Rationality and the "religious mind"

Laurence Iannaccone, Rodney Stark, Roger Finke

Research output: Contribution to journalArticle

49 Citations (Scopus)

Abstract

The social-scientific study of religion has long presumed that religious thought is "primitive," non-rational, incompatible with science, and (thus) doomed to decline. Contemporary evidence, however, suggests that religious involvement correlates with good mental health, responds to perceived costs and benefits, and persists in the face advanced education and scientific training. Although professors, scientists, and other highly educated Americans are less religious than the general population, the magnitude of this effect is similar to those associated with gender, race, and other demographic traits. Moreover, "hard" science faculty are more often religious than faculty in the humanities or social sciences.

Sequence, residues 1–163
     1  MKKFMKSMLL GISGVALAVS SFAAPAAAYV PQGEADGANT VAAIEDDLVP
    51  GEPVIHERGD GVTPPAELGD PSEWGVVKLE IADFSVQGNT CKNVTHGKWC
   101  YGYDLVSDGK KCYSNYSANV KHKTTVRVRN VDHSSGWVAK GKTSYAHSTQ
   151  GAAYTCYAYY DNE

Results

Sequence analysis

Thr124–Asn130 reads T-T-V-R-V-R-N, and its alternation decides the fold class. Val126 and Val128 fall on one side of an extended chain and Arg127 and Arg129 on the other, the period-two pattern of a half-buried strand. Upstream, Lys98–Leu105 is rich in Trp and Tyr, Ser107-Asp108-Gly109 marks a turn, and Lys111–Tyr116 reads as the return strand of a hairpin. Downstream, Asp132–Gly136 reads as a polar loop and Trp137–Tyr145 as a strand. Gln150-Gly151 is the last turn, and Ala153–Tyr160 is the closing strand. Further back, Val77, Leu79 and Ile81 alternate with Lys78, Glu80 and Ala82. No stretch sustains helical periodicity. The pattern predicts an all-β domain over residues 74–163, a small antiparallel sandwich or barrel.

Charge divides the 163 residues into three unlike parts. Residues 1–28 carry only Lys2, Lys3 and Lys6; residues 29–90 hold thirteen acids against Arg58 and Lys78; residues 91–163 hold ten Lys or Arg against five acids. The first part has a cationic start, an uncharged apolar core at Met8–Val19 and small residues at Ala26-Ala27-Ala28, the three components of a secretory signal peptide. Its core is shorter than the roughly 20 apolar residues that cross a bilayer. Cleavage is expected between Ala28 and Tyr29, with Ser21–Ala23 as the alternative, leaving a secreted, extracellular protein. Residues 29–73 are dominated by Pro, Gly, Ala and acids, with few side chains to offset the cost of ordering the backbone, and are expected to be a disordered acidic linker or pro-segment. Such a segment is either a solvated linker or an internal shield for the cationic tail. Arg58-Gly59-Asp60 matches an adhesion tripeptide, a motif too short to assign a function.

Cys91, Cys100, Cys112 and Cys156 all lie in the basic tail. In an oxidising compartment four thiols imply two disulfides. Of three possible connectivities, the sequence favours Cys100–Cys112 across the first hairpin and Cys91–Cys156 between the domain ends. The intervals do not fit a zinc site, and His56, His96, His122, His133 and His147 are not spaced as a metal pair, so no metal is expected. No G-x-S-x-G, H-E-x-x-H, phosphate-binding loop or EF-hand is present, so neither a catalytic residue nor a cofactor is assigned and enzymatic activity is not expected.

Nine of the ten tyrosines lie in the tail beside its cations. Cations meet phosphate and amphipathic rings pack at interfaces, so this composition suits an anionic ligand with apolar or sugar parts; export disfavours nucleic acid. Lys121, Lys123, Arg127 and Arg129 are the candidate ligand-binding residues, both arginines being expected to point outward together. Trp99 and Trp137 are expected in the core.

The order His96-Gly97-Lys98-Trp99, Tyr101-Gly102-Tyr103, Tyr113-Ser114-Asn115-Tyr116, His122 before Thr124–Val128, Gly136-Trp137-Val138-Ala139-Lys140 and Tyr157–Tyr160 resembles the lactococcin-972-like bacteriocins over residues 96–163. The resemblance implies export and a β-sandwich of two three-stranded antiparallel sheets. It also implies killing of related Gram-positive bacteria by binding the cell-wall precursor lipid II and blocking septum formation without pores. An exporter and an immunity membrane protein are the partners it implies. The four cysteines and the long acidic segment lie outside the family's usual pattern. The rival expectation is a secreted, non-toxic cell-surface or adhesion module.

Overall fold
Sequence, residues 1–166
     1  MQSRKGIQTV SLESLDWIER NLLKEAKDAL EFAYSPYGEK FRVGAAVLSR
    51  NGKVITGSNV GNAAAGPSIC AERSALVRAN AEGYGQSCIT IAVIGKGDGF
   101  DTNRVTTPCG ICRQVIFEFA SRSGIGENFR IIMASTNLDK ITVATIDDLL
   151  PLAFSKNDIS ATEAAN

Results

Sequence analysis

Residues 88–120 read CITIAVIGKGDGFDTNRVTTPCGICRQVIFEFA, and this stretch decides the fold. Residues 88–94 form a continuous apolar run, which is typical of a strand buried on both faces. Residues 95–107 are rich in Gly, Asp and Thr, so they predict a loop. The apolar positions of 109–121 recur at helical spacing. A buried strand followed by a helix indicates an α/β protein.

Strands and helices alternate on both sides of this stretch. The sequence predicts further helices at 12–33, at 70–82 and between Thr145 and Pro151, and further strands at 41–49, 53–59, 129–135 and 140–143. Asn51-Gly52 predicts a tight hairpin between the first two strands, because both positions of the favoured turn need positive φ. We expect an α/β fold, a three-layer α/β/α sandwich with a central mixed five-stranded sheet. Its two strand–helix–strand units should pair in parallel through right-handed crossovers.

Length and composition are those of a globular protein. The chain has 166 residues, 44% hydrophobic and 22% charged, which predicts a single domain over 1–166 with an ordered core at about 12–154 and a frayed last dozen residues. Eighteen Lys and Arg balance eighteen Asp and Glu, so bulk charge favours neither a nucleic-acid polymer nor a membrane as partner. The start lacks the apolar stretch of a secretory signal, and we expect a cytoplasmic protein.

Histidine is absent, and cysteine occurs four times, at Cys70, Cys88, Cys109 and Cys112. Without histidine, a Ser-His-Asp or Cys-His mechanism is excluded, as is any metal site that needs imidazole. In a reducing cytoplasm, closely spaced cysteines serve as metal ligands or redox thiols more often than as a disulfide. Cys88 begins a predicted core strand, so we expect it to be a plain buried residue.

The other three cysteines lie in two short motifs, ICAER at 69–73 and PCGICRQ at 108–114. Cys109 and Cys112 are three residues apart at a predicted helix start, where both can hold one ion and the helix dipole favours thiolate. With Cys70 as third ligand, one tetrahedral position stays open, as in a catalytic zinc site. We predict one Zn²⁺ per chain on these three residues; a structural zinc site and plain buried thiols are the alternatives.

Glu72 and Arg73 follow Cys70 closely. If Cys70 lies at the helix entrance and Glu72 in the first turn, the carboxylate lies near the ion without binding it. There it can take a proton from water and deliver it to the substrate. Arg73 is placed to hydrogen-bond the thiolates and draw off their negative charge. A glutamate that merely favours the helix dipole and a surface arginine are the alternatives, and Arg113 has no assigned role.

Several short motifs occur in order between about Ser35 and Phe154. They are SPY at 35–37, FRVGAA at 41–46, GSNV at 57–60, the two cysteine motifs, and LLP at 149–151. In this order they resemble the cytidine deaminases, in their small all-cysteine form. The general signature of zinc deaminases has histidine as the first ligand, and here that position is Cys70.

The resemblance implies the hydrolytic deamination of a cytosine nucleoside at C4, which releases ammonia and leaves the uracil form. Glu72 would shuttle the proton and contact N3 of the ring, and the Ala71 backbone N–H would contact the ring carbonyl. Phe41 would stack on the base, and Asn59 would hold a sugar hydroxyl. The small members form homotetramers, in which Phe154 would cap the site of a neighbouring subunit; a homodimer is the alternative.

Original languageEnglish (US)
Pages (from-to)373-389
Number of pages17
JournalEconomic Inquiry
Volume36
Issue number3
DOIs
StatePublished - Jan 1 1998

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Rationality
Correlates
Costs and benefits
Social sciences
Demographics
Education
Mental health
General population

All Science Journal Classification (ASJC) codes

  • Business, Management and Accounting(all)
  • Economics and Econometrics

Cite this

Iannaccone, Laurence ; Stark, Rodney ; Finke, Roger. / Rationality and the "religious mind". In: Economic Inquiry. 1998 ; Vol. 36, No. 3. pp. 373-389.
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Rationality and the "religious mind". / Iannaccone, Laurence; Stark, Rodney; Finke, Roger.

In: Economic Inquiry, Vol. 36, No. 3, 01.01.1998, p. 373-389.

Research output: Contribution to journalArticle

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